Fancy riding 100km up hill and down dale for a full day in the blazing sun? Launched as competitive events in Australia in 2003 with the backing of Flight Centre boss and long-time cyclist Graham Turner, mountain bike marathons offer a rugged alternative to road bike races.

Courses take in a mix of terrain and tracks, from well graded to extremely rough, and while super-fit regulars may get round in four hours, the average rider will take seven or eight. Or more. Long-time event organiser Peter Creagh said slower souls were often pedalling valiantly on into the darkness, sunburn, saddle sores and all. For many, it's the toughest thing they've ever done.

“If the weather's too hot, as it can be on some Queensland days, participants have been known to have catabolic meltdowns,” Creagh said.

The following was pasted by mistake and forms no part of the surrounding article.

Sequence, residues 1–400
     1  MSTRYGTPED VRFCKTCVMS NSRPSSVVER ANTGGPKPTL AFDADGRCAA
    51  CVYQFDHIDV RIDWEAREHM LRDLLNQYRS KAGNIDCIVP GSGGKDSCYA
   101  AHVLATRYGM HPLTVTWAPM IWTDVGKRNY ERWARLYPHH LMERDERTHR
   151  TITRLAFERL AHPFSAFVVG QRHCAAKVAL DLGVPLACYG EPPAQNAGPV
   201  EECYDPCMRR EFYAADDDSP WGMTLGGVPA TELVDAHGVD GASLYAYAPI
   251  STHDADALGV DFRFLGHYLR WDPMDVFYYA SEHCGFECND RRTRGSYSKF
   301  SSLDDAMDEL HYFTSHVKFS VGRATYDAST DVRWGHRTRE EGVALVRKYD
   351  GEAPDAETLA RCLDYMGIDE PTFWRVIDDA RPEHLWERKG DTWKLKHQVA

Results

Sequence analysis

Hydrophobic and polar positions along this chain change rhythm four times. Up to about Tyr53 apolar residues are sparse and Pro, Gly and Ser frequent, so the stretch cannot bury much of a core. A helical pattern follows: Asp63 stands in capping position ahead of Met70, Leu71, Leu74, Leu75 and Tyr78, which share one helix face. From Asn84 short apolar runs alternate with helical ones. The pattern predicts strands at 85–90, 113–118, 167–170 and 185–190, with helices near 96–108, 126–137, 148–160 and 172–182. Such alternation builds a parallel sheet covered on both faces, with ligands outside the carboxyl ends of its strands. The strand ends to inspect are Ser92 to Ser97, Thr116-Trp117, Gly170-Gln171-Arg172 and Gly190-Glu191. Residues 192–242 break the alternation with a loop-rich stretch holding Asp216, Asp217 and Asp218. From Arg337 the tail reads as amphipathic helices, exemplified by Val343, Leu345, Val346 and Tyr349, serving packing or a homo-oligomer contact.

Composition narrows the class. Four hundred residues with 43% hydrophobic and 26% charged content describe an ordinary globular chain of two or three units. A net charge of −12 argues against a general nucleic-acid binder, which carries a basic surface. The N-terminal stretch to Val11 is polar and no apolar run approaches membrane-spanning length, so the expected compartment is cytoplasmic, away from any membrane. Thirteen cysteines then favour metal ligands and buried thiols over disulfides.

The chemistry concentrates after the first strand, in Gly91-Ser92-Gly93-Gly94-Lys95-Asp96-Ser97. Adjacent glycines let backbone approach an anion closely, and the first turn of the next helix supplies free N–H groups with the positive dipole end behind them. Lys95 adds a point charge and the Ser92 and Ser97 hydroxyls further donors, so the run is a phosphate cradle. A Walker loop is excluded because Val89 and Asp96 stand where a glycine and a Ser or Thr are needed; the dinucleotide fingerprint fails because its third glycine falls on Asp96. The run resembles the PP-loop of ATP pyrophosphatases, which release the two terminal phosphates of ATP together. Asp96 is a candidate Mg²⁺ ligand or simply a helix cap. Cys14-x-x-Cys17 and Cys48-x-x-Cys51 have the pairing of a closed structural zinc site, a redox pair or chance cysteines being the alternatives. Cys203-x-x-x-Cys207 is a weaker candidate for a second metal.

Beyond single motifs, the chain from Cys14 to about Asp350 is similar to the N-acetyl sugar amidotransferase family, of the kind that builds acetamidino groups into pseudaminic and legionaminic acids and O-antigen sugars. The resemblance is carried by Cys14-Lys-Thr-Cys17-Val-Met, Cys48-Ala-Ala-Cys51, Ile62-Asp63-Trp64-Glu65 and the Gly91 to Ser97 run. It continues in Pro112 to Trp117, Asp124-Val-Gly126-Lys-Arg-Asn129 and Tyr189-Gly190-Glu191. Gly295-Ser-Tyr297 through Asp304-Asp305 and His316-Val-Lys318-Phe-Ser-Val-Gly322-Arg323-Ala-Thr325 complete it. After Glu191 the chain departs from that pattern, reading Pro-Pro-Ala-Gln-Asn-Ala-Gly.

Meltdowns of a less medically dangerous nature are also commonplace.

“I've seen people on the side of the track crying. They've reached their emotional end point.”

Hardcore pedallers and would-be masochists can choose from an annual circuit of half a dozen big races and a score of smaller ones. High profile events like the Convict 100 outside Sydney, Queensland's Epic and the Highland Fling in the NSW southern highlands attract up to 2000 riders. Over 85 per cent of them are male, and around half are rookies.

“People have a picture in their head that it's extreme but it's not overwhelmingly difficult to do,” Creagh said.

“It helps if you're prepared and have had some experience dealing with adversity.”